Types of Dental Emergency
If you suffer from facial swelling, reduced jaw function, bleeding or injuries following an accident involving your mouth, or simply extreme or spontaneous pain in your jaw, gums or tooth/teeth, your toothache is regarded as a dental emergency.
A new chair and extra dentist hours have recently been added to our schedule, enabling us to be able to see emergencies in a timely manner. The dentist from Totally Teeth will aim at minimising or eliminating tooth pain at your emergency dentist appointment. This may include treatment of the nerve of the tooth (such as root canal treatment), treatment of gums, extraction if necessary, or even basic dental reconstruction to restore a damaged or decayed tooth for deeper problems. If more issues are found, the development of a holistic oral care plan would include a follow-up appointment for a thorough review.
The Root Cause of Toothache
Tooth pain in its most acute form can be caused by a variety of situations, such as tooth nerve inflammation (pulpitis), or inflammation to the surrounding tissue including the gum and bone, or a dental abscess. This may be caused by deterioration (dental caries), wear (attrition), trauma (such as accident, blow or very heavy bite), fracture, or a history of dental care that is deep or intrusive. As a result of the effect (not completely fitting through the gums), wisdom teeth also develop acute and painful infection.
Here are some typical dental emergencies, before you get to the dentist, with tips on what to do immediately:
- Toothache: rinse your mouth with warm water and remove any debris by flossing the area. If the pain continues, immediately call your dentist.
- Gum abscess and swelling: urgently call the dentist. When the area has been evaluated, they will be able to administer some pain medication and/or antibiotics to resolve the infection, and devise a treatment plan.
- Wisdom tooth pain: to minimise swelling for just 20 minutes, apply an ice pack to the outside of the face. Repeat as needed. Furthermore, every 2 to 3 hours, you should rinse your mouth with warm salty water and continue to take an over-the-counter drug that you are already familiar with to alleviate the discomfort.
- Chipped or broken tooth: clean the area with cold water immediately and apply a cold compress to the area to alleviate swelling.
- Missing filling or crown: to numb the pain, add a little bit of clove oil to the region; then call the dentist for an appointment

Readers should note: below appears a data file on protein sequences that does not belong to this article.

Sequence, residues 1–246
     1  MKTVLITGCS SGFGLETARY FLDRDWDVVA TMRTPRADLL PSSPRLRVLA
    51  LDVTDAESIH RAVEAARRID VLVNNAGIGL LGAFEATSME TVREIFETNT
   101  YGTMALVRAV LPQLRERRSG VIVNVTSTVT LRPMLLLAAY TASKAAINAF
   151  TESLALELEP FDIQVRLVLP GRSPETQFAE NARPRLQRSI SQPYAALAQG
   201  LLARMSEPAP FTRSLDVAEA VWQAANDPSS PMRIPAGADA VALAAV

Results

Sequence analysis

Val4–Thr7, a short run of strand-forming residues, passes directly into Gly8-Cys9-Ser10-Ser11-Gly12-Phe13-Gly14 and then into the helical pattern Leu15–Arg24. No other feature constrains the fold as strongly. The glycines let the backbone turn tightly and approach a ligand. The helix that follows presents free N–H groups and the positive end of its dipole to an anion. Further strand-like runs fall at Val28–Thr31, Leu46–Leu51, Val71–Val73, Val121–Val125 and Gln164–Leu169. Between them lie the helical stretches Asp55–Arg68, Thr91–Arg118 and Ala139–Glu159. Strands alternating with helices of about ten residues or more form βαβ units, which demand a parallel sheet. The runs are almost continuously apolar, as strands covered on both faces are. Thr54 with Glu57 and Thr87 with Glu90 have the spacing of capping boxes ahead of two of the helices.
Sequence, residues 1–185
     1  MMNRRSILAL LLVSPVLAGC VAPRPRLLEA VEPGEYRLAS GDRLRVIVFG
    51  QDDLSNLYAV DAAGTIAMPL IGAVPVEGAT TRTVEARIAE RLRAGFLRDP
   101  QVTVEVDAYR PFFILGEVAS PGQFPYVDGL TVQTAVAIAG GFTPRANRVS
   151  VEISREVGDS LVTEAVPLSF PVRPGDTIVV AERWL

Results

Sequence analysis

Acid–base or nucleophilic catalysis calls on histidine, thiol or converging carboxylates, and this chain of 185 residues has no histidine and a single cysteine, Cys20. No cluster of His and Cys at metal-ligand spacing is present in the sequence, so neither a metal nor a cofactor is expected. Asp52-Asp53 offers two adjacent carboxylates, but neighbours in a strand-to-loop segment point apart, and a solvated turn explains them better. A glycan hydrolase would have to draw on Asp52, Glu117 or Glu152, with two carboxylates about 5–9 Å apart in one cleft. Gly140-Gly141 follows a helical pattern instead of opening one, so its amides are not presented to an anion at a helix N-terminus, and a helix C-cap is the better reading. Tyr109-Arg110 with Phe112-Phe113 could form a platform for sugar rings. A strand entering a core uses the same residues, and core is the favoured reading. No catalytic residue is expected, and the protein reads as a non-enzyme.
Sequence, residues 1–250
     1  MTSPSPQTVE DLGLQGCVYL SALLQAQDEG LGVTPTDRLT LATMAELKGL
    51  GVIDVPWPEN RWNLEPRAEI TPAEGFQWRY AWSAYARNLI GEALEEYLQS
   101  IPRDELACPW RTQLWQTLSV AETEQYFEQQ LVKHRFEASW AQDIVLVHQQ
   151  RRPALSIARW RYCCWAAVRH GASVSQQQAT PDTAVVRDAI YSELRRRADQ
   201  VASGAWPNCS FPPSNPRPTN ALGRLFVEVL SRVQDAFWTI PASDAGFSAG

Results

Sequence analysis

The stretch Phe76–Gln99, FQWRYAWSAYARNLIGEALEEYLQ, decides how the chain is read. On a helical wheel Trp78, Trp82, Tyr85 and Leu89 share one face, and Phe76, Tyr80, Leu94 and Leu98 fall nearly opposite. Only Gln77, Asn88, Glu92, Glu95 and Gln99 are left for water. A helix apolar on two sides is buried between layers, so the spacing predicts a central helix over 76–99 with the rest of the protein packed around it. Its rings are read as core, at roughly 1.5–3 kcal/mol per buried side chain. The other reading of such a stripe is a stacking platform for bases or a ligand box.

- Dental Trauma: keep it moist at all times for a knocked out tooth. Try to stop touching the root. Try to put the tooth back in the socket if possible to avoid hitting the root. If the tooth can not be placed in the socket, place it between your cheek and your gums, or in a small jar of milk. As soon as possible, try to get to the dentist.
- Bleeding gums: brush your teeth with a soft brush. Try circular rotations, instead and brush away from the gums. Before going to sleep, floss the teeth; flossing under the gums prevents food and debris. You might need to have your teeth cleaned properly if you are ever suffering from bleeding gums. With proper oral hygiene, the gums would be much easier to maintain. And note, the risk of periodontal disease is duly reduced by flossing.
Pain presents in our body for a reason, and when it comes to teeth, if treatment is delayed, this situation could become more complicated – and more expensive, than if dealt with immediately.
Don’t Delay, Contact Us Now If You’re Concerned About Your Teeth.
If you are unable to contact our dental team immediately, try some analgesics/painkiller tablets to ease any pain before your visit. Your dental condition would vary and you should urgently seek an appointment at our clinic. You will need to see a dentist immediately, depending upon how serious your jaw, oral or dental pain is.
When it is very distracting or you find it hard to sleep, dental pain relief drugs such as Nurofen or Panadol will relieve the pain. Painkillers can only be swallowed rather than applied directly to the teeth, as gum tissue can burn off the acidity.
Gargle With Salt Water
Salt water helps kill bacteria from the area of your mouth and can minimise swelling. Place a quarter and a half of a teaspoon of salt in warm water and gargle for five seconds or more. Take care to not swallow water.
Apply Ice on The side of the face
To help ease the discomfort, take a cold compress or ice pack from the cheek. Do not apply ice directly to the tooth, as toothaches also cause increased temperature sensitivity.
These home remedies provide you with quick relief from toothaches until you get to see the dentist, but the outcome is only momentary.
To permanently relieve the pain, the source, not the symptom, you should be seen by your dentist.